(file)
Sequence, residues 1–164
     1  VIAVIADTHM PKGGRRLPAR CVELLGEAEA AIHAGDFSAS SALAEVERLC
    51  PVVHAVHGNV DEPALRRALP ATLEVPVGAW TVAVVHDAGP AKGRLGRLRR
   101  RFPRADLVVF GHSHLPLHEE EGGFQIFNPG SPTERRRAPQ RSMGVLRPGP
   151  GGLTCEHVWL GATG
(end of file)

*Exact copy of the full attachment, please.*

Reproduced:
Sequence, residues 1–164
     1  VIAVIADTHM PKGGRRLPAR CVELLGEAEA AIHAGDFSAS SALAEVERLC
    51  PVVHAVHGNV DEPALRRALP ATLEVPVGAW TVAVVHDAGP AKGRLGRLRR
   101  RFPRADLVVF GHSHLPLHEE EGGFQIFNPG SPTERRRAPQ RSMGVLRPGP
   151  GGLTCEHVWL GATG